Market Pulse: I like what I like
The market’s early June swoon turned into a rally and stocks rose through July. After the 13% rally since June 16 investors who panicked and sold are worse off and now face the need to decide what to do now.
Instead of jumping out of and into the overall market, I prefer to hold a portfolio of securities that I’ll be comfortable with no matter the environment. Here are some of my favorites.
My first selection is Kinder Morgan (KMI), a pipeline company. In the first half of 2022 the U.S. became the world’s largest exporter of liquefied natural gas. We are shipping record volumes to Europe to help European Union allies become less dependent on Russian gas. In fact, in June the EU received more gas from the U.S. than they did from Russia.
Half of all gas destined for LNG export terminals flows through Kinder Morgan pipelines. With strict regulations it is very unlikely that a new long-haul pipeline will be built so it is hard to come up with another industry that has such a strong barrier to entry. KMI is paid whether or not oil or gas flows through their pipelines so it can, in effect, be thought of as a utility with a very stable business. KMI yields 6.2%.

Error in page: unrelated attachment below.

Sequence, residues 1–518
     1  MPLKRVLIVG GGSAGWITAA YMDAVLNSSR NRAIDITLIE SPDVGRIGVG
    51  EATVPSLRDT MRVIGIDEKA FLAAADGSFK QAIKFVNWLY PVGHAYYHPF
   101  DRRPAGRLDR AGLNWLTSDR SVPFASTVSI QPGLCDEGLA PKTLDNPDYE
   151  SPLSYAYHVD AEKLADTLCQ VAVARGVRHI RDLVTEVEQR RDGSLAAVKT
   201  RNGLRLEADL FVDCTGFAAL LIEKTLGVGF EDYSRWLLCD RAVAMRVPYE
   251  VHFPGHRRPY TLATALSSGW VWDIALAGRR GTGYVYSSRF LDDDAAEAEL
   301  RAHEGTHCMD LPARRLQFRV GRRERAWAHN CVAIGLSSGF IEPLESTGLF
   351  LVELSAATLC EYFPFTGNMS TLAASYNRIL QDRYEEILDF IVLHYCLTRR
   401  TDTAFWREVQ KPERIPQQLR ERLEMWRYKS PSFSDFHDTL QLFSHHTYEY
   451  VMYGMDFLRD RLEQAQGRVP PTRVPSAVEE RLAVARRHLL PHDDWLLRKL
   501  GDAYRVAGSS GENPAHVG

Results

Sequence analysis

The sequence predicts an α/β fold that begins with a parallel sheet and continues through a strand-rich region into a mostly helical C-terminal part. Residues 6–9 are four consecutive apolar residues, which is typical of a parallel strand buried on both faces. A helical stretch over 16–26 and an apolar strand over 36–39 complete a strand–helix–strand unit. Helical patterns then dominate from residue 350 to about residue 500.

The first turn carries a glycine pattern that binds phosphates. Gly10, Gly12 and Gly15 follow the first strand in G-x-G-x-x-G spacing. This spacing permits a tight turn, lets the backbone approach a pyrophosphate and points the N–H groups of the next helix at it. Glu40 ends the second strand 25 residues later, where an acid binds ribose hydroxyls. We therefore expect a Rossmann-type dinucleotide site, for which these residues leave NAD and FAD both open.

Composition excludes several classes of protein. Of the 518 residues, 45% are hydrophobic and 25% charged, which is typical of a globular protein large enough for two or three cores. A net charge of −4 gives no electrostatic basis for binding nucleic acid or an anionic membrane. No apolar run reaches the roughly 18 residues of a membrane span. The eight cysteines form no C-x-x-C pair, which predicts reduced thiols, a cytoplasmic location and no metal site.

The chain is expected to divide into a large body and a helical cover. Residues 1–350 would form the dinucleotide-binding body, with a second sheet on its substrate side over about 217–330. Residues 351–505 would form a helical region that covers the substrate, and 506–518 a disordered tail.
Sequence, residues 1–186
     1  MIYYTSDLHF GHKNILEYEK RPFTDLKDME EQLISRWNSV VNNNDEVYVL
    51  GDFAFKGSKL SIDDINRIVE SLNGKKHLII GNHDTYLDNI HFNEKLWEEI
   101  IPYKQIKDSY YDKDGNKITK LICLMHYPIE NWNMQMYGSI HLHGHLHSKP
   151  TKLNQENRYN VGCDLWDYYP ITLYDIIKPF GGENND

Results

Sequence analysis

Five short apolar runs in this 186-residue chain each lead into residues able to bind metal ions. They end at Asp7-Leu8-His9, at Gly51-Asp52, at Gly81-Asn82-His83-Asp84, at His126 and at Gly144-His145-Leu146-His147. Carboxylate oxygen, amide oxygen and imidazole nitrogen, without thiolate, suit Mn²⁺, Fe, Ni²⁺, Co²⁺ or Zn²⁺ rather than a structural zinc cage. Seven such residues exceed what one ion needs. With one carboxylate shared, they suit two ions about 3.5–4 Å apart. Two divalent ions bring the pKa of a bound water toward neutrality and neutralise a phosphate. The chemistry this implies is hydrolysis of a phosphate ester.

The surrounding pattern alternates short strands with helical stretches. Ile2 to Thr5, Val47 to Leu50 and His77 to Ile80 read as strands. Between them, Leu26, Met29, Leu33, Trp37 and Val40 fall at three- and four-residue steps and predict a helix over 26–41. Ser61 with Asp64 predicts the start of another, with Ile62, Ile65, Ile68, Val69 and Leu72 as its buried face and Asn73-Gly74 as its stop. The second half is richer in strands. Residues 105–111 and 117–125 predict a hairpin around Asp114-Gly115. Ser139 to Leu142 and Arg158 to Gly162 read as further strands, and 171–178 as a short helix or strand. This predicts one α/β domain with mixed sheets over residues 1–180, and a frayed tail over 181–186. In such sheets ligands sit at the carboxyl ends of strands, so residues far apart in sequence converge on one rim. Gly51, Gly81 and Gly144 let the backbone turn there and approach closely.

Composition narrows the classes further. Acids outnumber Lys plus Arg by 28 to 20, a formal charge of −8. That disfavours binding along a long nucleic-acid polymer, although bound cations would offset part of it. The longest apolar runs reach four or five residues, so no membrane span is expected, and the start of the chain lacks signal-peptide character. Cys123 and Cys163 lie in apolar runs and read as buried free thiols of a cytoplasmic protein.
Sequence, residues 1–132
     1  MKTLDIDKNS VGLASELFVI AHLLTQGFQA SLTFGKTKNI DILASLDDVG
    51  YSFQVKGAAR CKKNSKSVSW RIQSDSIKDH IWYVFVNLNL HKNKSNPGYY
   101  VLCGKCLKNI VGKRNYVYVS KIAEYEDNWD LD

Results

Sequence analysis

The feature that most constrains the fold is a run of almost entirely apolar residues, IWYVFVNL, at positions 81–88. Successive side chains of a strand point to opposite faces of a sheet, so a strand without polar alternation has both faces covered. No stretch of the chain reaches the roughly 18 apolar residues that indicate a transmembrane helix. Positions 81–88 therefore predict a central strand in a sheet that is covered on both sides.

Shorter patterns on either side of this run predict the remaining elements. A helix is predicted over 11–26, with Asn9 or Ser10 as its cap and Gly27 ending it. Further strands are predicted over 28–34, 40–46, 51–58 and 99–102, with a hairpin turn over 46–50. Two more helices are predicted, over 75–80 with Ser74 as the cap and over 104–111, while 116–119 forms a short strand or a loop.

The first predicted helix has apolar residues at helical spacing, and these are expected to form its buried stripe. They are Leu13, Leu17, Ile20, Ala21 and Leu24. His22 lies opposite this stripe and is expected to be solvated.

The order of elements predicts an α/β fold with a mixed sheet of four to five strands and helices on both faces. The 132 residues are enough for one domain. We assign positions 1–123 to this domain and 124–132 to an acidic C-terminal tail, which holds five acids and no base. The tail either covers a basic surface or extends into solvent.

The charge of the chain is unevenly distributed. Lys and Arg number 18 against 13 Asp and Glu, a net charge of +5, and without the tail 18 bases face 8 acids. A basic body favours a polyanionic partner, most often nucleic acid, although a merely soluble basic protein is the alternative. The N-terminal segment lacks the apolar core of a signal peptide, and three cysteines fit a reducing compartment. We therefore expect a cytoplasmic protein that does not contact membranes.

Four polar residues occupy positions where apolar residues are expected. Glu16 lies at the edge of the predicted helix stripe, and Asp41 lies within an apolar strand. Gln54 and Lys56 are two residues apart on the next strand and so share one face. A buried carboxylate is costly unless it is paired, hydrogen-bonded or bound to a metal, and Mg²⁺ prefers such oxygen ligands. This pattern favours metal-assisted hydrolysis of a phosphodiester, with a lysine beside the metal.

Ares Capital (ARCC) is the largest business development company. As a BDC Ares is required to pay out at least 90% of its earnings in the form of dividends to maintain its tax status as a REIT. ARCC’s quarterly dividend was just increased to 43 cents and it also pays a three cent special quarterly dividend. Including both ARCC yields almost 9%. Last Friday ARCC announced an eight million share stock offering and the stock retreated. That created a good entry point.
My final pick is a preferred stock, the Annaly Capital 6.95% Series ‘F’ (NLY.F). The September dividend will begin to “float.” The new rate will be three-month LIBOR plus 4.99%. Three month LIBOR is 2.8 and should continue to rise as Europe (finally) raises rates. Even if it doesn’t NLY.F yields 8% at today’s price. Annaly earned 30 cents in the second quarter, easily covering the 22-cent common dividend. They would have to eliminate that dividend before they could miss a payment on their preferreds. Very unlikely.
These securities were held during last year’s bull market and continue to be held in this year’s bear market. I still like what I like. For both stocks and bonds there will be better days ahead as investors look past the recession. That’s a good bet.
David Vomund is an Incline Village-based Independent Investment Advisor. Information is found at http://www.VomundInvestments.com or by calling 775-832-8555. Clients hold the positions mentioned in this article. Past performance does not guarantee future results. Consult your financial advisor before purchasing any security.
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